Samsung Galaxy M30s comes with a stellar battery for a mid-range smartphone
If uninterrupted, long usage is your main consideration while buying a smartphone, then the Samsung Galaxy M30s is your best bet, with its pioneering 6,000 mAh battery. But it falls short in the camera department. Read our review to find out more.
Over the last few months, the sub-Rs 20,000 smartphone segment has been dominated by companies focusing on cameras. But some manufacturers like Samsung are trying to improve battery life too.
After all, what is the use of a feature-rich phone if it cannot last even a day?
The Samsung Galaxy M30s contains a first-of-its-kind 6,000 mAh battery, and is supported by 15W fast charging.
It sports a 6.4-inch Full HD+ AMOLED Infinity-U display and is powered by Samsung’s own Exynos 9611 octa-core processor. The device runs Samsung’s One UI based on Android 9.0 Pie out of the box. It also has a USB Type-C port.
There is a triple rear-camera setup (48-megapixel primary sensor, 5-megapixel depth sensor, and an 8-megapixel ultra-wide lens with a 123-degree field of view). On the front is a 16-megapixel selfie shooter.
Samsung Galaxy M30s is priced at Rs 13,999 for the 4GB RAM + 64GB storage model and 6GB RAM + 128GB storage at Rs 16,999.
On paper, these are impressive specifications for a mid-range smartphone. Let’s see how it fared under practical circumstances.
Design, display, performance, and OS
At just 188 grams, the M30s is sleek and easy to hold despite the massive 6,000 mAh battery inside. The back of the phone has a glossy plastic panel and is surprisingly resistant to smudges and scratches. The rear panel also houses the fingerprint scanner that works just like any other device in the market.
The display is in this price range. The sunlight visibility, viewing angles, touch performance, and brightness levels are satisfactory. But Samsung displays are always oversaturated, which may not please every eye.
Performance-wise, the M30s leaves a lot to be desired. It struggled under heavy usage and multitasking (gaming, YouTube videos, photography). The good part though is that the phone hardly heats even after long usage.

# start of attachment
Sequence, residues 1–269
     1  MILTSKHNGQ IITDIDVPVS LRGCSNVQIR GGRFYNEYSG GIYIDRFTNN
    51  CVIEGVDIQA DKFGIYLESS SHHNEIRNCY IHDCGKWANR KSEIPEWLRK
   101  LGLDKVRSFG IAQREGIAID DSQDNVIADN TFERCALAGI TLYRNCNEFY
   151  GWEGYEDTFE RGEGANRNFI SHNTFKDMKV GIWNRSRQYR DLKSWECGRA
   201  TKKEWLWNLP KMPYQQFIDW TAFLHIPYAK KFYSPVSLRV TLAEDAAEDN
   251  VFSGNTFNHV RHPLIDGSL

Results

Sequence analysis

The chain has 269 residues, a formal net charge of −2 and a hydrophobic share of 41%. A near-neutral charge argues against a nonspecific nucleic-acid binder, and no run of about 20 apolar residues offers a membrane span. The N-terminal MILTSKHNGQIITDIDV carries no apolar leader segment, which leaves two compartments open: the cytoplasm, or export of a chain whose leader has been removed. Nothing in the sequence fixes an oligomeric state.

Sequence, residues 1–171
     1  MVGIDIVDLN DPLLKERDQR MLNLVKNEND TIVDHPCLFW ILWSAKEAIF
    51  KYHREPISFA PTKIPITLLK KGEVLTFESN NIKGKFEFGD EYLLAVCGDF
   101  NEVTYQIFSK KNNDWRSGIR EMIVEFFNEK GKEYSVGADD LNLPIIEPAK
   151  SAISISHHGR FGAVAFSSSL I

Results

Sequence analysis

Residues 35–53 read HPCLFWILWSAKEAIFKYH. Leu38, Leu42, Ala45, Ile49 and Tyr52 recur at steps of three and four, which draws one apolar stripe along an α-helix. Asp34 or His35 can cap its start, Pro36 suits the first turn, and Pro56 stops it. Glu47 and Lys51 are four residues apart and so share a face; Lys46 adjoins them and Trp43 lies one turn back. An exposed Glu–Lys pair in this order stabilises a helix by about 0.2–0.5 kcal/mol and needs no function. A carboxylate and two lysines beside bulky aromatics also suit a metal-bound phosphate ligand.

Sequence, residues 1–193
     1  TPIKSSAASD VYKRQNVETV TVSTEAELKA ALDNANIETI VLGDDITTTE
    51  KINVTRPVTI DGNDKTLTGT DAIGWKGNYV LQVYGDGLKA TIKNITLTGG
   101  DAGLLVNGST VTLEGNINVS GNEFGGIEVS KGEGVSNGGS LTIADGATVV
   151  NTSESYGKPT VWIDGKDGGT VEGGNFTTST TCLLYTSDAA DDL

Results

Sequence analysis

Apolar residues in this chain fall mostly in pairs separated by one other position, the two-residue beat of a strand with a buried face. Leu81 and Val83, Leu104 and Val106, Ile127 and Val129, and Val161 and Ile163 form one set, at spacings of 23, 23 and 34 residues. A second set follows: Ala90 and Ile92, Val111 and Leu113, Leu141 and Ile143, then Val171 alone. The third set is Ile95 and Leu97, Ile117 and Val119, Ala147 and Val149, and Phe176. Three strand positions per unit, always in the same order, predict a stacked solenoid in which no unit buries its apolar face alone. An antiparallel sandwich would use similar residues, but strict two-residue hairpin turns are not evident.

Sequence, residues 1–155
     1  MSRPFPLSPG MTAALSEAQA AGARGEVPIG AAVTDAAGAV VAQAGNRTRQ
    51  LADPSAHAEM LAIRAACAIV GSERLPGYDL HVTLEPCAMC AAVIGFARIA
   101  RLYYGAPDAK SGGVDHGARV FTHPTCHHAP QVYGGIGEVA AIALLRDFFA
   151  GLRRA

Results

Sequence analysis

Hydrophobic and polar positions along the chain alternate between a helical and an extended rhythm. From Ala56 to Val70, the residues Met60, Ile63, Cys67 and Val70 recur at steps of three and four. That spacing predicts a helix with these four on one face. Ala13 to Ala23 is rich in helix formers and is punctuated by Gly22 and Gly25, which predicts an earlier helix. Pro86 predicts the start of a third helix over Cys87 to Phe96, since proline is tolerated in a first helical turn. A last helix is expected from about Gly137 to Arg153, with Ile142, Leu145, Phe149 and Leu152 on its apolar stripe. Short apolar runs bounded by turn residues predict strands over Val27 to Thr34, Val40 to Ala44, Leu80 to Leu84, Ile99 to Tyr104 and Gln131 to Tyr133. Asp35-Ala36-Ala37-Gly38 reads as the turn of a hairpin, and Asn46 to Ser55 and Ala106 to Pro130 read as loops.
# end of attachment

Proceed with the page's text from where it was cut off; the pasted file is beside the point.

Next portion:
It’s disappointing that the smartphone doesn’t run Android 10 (the latest version) but in its price point, most devices are offering Android 9 Pie.
Samsung’s One UI skin is far better than that offered by its Chinese counterparts. But there is room for improvement. The icons could get a modern touch, and the in-built gestures could be smoothened.
Marathon battery life
With medium-to-heavy usage, the M30s comfortably runs for 36 hours on a single charge. Sometimes, it could even carry over to the second day.
With heavy-to-very-heavy usage, the battery lasts a day. But, if you play YouTube videos on loop, the charge lasts for 16 hours only. Like the M30 - its predecessor with a 5,000 mAh battery - the USP of M30s is excellent battery life. You needn’t worry about a charger or power bank while stepping out.
Unlike the flagship devices in the market, however, the M30s takes 2.5 hours to go from zero to 100 percent. This, despite the 15W fast charger.
Camera: not quite there
Samsung has made a huge improvement from the 13-megapixel sensor on the M30. Even then, results on the M30s aren’t very promising.
The triple-camera setup is decent (nothing extraordinary) in daylight conditions but below par in low-light conditions.
Even though Samsung had stressed upon the smartphone’s low-light shooting capabilities at the launch, during our testing period, the photos came out blurry and lacked detail. This can surely be improved with a software update. The wide angle does a fairly good job though.
But when you compare the M30s with competition like Xiaomi’s Mi A3 and Redmi Note 7/8 Pro, and Realme 5 Pro, you realise the difference in camera quality. Even the Nokia 8.1, which is similarly priced, knocks the M30s out of the park in the camera department.
Competition and verdict
At a starting price point of Rs 13,999, the M30s is worth a buy for its stellar battery life and gorgeous Full HD+ display.
It is one of Samsung’s best mid-range phones, but may not be the top device in the segment it competes in.
The downsides of the device are the processor - which isn’t fully equipped for multitasking - the glossy plastic finish that makes it look less premium than competitor devices, and, of course, the below-average camera.
If battery life is your number one priority, then look no further than the Galaxy M30s. But, if you’re a heavy user and a compulsive photographer, there are more compelling alternatives in the Redmi Note 7/8, Realme 5 Pro/Realme XT, and even the Nokia 8.1.
(Edited by Evelyn Ratnakumar)